lived their lives as family members evinced and created their middle class
milieu. At the same time, one was naturally at home in one™s own class.
There was even for a while an ideology that drew parallels with the way that
populations divide naturally (classes perceived as natural systems).
This relational dimension was a phenomenon of which the actors were only
too aware, namely the relative position of classes and gradients within classes,
down to ¬ne details of discrimination. Ultimately, it was a question of one™s
standing in relation to one™s own and other classes that was totalising. Much
class activity required co-acknowledgement, that is, protocols delineating who
it was with whom one was prepared to be associated and, as idiom had it,

possibilities for individuals to rise and fall. However, the relations between
classes themselves were a given.
There are points here of interest to contemporary kinship thinking, such as
the longstanding impasse between individualism and its critics. The questions,
predictably, diverge. Why is relationality so clumsily an object of exhortation (a
constant subject for [re]invention)? Why is it not presupposed (only waiting to
be discovered)? Why do Euro-Americans have to tell themselves “ and we saw
the Human Genetics Commission doing just this “ that they should recognise
the extent to which they are related? And why, then, are they surprised when
they discover that they are already related? Finally, despite the commonalities
across Eurasian kinship systems and indeed across Europe, correlated with
all kinds of values to do with property, agriculture and so forth, there is a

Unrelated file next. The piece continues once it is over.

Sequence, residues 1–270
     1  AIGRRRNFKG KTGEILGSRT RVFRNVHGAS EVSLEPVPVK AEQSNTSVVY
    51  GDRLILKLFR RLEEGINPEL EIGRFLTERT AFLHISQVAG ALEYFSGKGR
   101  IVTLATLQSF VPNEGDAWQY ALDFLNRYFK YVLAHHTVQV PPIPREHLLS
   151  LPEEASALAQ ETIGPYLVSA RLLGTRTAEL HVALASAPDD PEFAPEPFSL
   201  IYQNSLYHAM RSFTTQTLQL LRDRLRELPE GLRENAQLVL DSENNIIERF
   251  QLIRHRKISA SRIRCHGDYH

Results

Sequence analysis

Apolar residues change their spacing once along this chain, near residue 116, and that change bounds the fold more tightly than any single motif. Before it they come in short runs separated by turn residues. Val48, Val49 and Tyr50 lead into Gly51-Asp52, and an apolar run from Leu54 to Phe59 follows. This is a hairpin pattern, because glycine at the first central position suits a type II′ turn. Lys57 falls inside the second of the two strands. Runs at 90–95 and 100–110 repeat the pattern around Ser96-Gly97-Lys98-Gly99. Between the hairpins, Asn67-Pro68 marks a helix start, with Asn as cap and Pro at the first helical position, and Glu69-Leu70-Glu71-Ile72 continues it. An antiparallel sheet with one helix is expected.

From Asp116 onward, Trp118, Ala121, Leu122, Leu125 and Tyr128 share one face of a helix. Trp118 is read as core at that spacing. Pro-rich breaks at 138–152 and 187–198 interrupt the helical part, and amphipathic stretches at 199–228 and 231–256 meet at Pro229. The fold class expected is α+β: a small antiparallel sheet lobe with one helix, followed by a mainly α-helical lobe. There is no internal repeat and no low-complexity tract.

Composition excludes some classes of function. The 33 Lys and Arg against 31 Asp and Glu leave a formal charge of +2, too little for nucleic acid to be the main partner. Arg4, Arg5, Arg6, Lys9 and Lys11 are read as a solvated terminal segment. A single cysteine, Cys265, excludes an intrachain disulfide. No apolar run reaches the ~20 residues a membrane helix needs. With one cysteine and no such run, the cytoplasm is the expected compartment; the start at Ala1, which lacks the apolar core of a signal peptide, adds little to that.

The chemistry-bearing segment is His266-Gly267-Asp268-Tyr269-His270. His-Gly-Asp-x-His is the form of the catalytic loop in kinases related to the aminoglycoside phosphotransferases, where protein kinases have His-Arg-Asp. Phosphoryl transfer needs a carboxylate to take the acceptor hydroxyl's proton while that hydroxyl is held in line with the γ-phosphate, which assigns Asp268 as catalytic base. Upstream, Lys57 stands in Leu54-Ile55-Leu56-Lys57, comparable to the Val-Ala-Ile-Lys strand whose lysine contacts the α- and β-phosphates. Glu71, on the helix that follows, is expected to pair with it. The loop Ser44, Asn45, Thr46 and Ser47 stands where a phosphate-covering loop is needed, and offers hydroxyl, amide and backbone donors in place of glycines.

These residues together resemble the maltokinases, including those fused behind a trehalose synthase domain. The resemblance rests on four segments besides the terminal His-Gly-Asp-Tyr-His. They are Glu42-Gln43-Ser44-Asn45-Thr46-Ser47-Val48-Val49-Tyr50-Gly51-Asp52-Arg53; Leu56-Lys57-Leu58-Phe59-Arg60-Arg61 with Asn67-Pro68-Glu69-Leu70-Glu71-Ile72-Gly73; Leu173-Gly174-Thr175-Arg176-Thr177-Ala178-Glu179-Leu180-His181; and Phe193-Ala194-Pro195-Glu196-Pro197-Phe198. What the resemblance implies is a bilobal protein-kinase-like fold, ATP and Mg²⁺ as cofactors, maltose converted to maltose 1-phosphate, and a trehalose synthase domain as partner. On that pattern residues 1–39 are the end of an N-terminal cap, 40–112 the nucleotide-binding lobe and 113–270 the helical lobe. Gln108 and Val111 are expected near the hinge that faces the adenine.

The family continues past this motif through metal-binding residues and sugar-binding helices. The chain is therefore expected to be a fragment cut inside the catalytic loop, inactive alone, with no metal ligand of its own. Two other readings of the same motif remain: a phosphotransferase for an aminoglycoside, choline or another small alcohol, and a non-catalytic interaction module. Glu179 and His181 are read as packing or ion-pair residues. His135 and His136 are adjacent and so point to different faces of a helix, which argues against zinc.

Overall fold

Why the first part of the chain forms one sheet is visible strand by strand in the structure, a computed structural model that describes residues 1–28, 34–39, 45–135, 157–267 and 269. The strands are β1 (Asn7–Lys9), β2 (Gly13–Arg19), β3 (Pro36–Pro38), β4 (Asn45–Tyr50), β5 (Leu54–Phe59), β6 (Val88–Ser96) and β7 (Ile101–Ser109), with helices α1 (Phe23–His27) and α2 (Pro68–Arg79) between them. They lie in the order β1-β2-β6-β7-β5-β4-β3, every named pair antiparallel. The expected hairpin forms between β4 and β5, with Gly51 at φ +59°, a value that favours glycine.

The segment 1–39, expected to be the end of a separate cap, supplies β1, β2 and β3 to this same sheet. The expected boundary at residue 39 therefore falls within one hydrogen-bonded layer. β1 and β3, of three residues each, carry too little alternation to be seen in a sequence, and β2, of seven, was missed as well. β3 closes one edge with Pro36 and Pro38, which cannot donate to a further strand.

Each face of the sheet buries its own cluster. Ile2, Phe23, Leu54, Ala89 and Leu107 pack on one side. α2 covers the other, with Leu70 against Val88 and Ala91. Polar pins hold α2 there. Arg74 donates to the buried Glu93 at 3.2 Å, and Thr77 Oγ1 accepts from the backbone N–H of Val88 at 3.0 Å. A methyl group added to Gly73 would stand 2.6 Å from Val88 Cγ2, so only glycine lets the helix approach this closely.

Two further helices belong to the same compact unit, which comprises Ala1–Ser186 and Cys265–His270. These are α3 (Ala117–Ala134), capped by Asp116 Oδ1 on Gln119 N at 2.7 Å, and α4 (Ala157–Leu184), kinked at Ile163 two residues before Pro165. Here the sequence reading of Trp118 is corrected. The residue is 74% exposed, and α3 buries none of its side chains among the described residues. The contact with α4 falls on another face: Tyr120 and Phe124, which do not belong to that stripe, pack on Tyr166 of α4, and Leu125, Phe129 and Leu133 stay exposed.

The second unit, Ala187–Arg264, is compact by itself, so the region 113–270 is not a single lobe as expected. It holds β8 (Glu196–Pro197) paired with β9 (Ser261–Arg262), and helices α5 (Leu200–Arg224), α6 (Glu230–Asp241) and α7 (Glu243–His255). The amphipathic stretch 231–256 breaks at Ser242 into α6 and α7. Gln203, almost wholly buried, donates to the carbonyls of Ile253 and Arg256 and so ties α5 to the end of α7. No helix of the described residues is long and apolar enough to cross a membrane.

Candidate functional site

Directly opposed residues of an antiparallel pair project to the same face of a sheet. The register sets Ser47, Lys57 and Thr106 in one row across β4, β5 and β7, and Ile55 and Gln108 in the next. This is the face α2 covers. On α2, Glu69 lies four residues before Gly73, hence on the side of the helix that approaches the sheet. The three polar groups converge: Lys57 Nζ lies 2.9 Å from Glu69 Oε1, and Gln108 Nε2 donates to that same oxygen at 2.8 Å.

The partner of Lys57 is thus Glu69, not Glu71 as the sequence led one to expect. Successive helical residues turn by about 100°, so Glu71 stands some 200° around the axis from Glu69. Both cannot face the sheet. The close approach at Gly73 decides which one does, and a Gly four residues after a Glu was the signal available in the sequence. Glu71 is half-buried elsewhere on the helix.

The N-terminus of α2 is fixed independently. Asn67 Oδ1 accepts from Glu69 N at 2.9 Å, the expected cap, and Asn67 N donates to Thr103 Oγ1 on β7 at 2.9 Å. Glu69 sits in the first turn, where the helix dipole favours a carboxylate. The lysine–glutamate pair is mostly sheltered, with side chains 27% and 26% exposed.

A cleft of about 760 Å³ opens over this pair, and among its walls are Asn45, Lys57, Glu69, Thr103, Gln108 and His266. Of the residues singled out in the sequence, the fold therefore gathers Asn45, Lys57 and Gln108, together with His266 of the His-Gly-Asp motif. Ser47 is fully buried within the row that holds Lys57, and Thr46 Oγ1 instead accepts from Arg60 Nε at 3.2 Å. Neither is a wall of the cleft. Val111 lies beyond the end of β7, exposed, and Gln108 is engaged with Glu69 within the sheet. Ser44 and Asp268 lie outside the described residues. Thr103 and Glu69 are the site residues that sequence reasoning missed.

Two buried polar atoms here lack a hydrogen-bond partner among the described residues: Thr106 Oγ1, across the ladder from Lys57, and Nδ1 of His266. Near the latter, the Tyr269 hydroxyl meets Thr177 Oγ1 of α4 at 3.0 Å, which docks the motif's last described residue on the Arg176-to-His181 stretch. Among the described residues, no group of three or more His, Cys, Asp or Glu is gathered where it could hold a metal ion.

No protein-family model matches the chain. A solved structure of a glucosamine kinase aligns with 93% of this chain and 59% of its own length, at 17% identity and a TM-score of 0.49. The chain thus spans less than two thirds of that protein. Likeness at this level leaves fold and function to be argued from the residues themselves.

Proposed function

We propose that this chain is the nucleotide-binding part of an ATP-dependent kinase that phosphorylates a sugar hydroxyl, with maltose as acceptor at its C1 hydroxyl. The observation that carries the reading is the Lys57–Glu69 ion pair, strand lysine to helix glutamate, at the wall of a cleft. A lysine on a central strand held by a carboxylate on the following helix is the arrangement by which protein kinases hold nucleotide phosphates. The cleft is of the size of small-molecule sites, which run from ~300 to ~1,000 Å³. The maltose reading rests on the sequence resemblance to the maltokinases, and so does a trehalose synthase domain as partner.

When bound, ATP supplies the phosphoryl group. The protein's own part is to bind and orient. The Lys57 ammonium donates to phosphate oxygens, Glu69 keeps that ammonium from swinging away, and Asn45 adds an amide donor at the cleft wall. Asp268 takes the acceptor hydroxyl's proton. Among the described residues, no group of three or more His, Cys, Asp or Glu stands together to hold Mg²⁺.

strong feeling that northern European and North American societies and
their offshoots have further commonalities. Perhaps we can build up kinship
as a case where long ago science became embedded in society, and society in
Science did not rise from the sea as an island. Ways to conceptualise its
descriptions and claims emerged through borrowings from other domains of
life (Ziman 2000). Certainly, we know that nineteenth century evolutionists
looked to the connection between individuals (genealogies) to talk about
connections (classi¬cations) between non-human creatures and things (Beer
1983). Was there a sense in which kinship fuelled earlier conditions for certain
kinds of scienti¬c thinking? May we hazard, in turn, that if science drew on
kinship it also changed it?
When Viveiros de Castro speaks of the displacement of ontology by epis-
temology, he is making a comparative, rather than a historical, statement. I
want to add that whatever epistemological foundations lay in Europe™s history,
today we live out an epistemology of a special kind. We can dub it scienti¬c
if we like. It turns kinship into an artefact of knowledge, and at its core is
the possibility of knowledges “ antithetical, in parallel or in combination “
coming from more than one source. And with that comes different ways of ver-
ifying connections between persons. In the organisation of such knowledge,
Euro-Americans have, we might say, a scienti¬c kinship system.

˜There was no such thing as the Scienti¬c Revolution™. Shapin has no sooner